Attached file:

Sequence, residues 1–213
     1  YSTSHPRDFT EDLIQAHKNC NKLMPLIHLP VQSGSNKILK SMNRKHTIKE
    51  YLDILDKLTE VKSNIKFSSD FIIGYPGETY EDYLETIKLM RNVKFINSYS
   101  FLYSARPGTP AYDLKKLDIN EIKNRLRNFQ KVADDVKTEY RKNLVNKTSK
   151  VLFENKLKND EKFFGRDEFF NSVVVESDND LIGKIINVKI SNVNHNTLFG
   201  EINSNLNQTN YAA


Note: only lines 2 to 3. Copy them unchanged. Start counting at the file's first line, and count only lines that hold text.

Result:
     1  YSTSHPRDFT EDLIQAHKNC NKLMPLIHLP VQSGSNKILK SMNRKHTIKE
    51  YLDILDKLTE VKSNIKFSSD FIIGYPGETY EDYLETIKLM RNVKFINSYS